The working title of my talk was “How to Lose Weight Without Really Trying (in fact it’s the only way).” In the 48-hours I spent crafting the speech, I baked two pies (pumpkin!) and ate two different batches of chocolate chip cookies. Mostly in dough form. You see, as soon as the survival-oriented part of my brain hears me even THINK the words weight loss, it hijacks my higher functions and starts storing up for the inevitable starvation ahead. Yours does too:
- Thinking so hard about not-eating-food FORCES you to focus on food. It’s the Ironic Monitoring Process (better known as the don’t-think-about-pink-elephants principle).
- Thinking you don’t like yourself the way you are is really, really mean. It makes you want to comfort yourself. Say, with food.
- Our brains are designed to ensure we don’t starve to death. At any sign of impending food scarcity (never mind real scarcity — like actual dieting — which only makes it worse), our survival instincts take over, blocking rational thinking and making us eat more than we enjoy. It’s called “famine brain. “You’ve maybe had the experience of emerging from a 2-minute fog to discover you’ve eaten a whole lot of Oreos? That’s what happened. It is not a question of willpower. At all. You’re just fighting a more powerful force: your own will to live.
I first learned this lesson in college. I struggled to retain information for upcoming tests — like various phase diagrams’ triple points — yet effortlessly came to know calorie counts for every foodstuff from celery to Haagen Dasz as well as the subtle differences between Pritiken and Scarsdale diets (it mostly has to do with exactly HOW ketonic your mouth tastes) and what it feels like to gain 25 pounds. And lose it. Repeatedly. It turns out that being surrounded by people discussing what they weigh and need to lose and ate today — plus how they’re going to fast tomorrow — is socially contagious. And that dieting is guaranteed to make you gain weight in the long run. Guaranteed.
Upon graduation, I vowed to leave that culture behind. I honestly didn’t care how much I weighed. I was sick of it all. I bought big baggy pants and lived without a scale or a care in the world for what I ate. What I ate included lots of peanut butter, cheddar cheese, microwave burritos, and ice cream — for while my home territory is the most beautiful place in the world, we didn’t have a good grocery store. I did most of my shopping in 7-11, on the fly, because I was throwing myself into challenging work and gorgeous land with some of my favorite people.
A year later, I returned to my alma mater to watch a friend graduate. Absentmindedly stepping on my host’s scale while brushing my teeth, I discovered 25 pounds were gone. Hmmm… I started to develop my theory that the only way to lose weight is to truly not care if you do.
Test it out for yourself: Consider times YOU have felt most comfortable in your body, times you’ve mysteriously dropped weight or felt fit. I bet it was when you were falling in love — with a person, a place, an animal, an activity, an idea. You didn’t care about weight; you were absorbed in creating a great life which, if you think about it, is a really great way to comfort oneself.
PRACTICAL PROVEN TIP: BTW another great way to comfort yourself — and the only “diet strategy” that has EVER worked for me — is to stroke your arms twice daily while saying OUT LOUD (this is where you might want to shut the door): “You can have whatever you want.” And really really meaning it. Don’t knock this tip until you try it for three weeks.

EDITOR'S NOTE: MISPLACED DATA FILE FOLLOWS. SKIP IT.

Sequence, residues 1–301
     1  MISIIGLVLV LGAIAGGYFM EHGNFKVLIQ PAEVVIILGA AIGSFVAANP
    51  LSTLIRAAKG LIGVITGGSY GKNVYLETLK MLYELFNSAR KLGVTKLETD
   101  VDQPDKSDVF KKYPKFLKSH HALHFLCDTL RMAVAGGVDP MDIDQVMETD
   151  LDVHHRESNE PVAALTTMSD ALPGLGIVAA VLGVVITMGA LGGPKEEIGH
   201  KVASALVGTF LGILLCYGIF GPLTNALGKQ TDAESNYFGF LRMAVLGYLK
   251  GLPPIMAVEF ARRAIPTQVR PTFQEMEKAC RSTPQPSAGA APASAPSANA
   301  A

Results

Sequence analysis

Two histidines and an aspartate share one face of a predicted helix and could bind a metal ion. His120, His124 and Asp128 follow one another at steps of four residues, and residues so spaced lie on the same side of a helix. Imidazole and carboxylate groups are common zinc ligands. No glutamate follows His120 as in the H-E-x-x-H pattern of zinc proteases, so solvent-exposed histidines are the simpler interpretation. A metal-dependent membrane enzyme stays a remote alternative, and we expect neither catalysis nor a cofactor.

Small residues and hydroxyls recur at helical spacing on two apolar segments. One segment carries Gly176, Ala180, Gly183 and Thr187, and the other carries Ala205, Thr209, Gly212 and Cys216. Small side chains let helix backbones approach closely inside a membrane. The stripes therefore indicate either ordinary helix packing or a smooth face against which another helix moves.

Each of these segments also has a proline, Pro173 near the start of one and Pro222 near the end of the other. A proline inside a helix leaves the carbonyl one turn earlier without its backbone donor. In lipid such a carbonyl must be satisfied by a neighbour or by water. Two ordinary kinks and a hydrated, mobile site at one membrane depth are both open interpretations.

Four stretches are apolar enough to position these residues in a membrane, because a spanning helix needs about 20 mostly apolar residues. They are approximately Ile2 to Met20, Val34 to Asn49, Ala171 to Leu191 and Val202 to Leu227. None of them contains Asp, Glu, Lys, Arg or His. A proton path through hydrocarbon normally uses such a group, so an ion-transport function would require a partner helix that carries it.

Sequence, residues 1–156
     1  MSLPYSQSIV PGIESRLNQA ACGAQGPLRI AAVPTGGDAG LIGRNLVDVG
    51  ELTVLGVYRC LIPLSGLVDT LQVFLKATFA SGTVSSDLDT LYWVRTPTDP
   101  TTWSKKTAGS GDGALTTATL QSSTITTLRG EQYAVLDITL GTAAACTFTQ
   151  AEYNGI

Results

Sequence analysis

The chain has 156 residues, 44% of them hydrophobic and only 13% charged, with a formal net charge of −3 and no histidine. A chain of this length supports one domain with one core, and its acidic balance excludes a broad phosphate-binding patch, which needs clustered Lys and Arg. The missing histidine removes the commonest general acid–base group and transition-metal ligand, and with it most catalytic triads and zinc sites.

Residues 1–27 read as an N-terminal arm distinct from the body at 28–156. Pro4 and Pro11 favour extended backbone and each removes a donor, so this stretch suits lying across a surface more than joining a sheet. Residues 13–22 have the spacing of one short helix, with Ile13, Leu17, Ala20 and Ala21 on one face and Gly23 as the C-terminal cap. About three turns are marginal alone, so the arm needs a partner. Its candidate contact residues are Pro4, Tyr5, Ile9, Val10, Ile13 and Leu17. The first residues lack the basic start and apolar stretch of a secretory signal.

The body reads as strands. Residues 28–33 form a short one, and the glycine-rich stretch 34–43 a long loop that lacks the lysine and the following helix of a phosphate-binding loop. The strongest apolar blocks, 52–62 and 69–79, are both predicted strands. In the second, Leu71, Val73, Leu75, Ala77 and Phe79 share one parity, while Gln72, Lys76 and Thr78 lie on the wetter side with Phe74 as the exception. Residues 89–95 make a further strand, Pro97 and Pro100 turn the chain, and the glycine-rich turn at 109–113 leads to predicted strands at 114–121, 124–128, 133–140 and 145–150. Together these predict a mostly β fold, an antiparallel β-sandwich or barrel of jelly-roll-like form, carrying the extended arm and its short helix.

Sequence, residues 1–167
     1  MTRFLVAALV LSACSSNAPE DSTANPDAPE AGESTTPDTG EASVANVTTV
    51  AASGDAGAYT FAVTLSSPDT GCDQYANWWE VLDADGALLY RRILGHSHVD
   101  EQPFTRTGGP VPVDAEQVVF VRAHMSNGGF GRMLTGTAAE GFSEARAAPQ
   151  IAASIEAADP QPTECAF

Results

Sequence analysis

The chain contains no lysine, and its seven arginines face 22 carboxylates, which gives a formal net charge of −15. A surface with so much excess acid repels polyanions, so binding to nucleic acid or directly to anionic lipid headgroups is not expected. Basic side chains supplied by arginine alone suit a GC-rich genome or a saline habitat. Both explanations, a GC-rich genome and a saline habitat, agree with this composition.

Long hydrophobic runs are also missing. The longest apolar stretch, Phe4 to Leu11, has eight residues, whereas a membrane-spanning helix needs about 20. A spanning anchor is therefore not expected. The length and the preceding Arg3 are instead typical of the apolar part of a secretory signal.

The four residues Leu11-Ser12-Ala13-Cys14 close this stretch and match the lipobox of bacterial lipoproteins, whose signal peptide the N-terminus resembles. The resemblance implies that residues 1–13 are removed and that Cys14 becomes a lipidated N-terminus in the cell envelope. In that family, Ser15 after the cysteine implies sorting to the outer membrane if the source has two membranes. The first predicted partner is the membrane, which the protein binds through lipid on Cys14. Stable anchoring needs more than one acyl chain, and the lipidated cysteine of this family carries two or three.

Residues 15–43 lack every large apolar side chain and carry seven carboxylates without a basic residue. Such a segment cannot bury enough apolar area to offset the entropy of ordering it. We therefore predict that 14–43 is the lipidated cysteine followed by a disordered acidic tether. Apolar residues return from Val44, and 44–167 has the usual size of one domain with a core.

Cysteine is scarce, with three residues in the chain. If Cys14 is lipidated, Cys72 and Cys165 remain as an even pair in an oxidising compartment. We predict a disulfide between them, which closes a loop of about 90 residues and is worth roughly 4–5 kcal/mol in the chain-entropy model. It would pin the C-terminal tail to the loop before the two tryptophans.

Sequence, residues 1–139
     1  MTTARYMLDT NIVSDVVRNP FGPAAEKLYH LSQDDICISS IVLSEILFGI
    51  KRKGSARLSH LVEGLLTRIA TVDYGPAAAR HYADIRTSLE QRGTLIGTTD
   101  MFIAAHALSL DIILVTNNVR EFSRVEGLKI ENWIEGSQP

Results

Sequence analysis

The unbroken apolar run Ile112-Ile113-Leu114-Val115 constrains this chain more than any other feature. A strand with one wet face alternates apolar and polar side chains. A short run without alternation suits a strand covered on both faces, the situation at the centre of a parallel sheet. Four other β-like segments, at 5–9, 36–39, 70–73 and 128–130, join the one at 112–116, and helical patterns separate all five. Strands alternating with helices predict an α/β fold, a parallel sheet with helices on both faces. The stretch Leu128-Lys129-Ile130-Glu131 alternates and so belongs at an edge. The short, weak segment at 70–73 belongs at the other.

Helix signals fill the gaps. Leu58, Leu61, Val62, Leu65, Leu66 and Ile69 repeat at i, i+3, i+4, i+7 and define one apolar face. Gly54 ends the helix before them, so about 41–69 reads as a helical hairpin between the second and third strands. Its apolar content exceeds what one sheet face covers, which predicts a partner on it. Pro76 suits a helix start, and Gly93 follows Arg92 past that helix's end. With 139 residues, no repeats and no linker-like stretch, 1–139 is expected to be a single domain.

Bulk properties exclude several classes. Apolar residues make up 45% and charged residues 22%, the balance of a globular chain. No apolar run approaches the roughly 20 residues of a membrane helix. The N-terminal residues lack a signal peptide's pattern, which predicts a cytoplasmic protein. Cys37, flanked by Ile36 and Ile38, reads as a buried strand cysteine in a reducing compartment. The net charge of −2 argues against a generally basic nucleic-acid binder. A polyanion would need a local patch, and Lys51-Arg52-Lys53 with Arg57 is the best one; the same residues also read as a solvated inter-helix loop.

And then the Universe offered me a lovely chance to test the theory. My host wandered by and said, “yeah, you know, if you lost 10 more pounds you’d really be something.”
“Aargh!!!!” I thought. “Maybe he’s right [though definitely not about how to talk to women] — maybe I should lose weight.” You know what happened next. I went on a strict diet and exercise plan, lost some pounds pretty fast… then blinked my eyes and found myself almost back up to graduation size, filling out those baggy pants nicely, thank you.
So I gave up.
My body returned to normal: not very thin and not very fat. It mostly stays in that neighborhood unless I stop focusing on living creatively and instead focus on how I might lose weight if I exerted even an ounce of self-control…
Which is why I made those pies and cookie batches this week. I wanted to reassure my brain that though I was thinking about the words weight loss, I was not remotely planning any cut-back on food intake! Even still, I could feel my old survival brain getting a little worried, and so ultimately I decided I did not want to dignify “weight loss” with any more thought, much less its own speech. (I’d promised someone a word on the subject though, so hopefully this post is a suitable compromise for that person AND for my psyche!)
Please know that I understand this might seem too risky for you. When I was deep in the weight loss wars, it felt terrifying to think of giving it up. It felt like putting the fox in charge of the hen house. Like I’d balloon up forever. And who knows, maybe I will right after posting this — after thinking hard and publicly about something I advocate not thinking about! But dieting made me so heartsick and exhausted that I had to give up. In that magical state, I inevitably find joy in all sorts of places… places where I am so engaged in life that weight is not of concern. And then it’s not.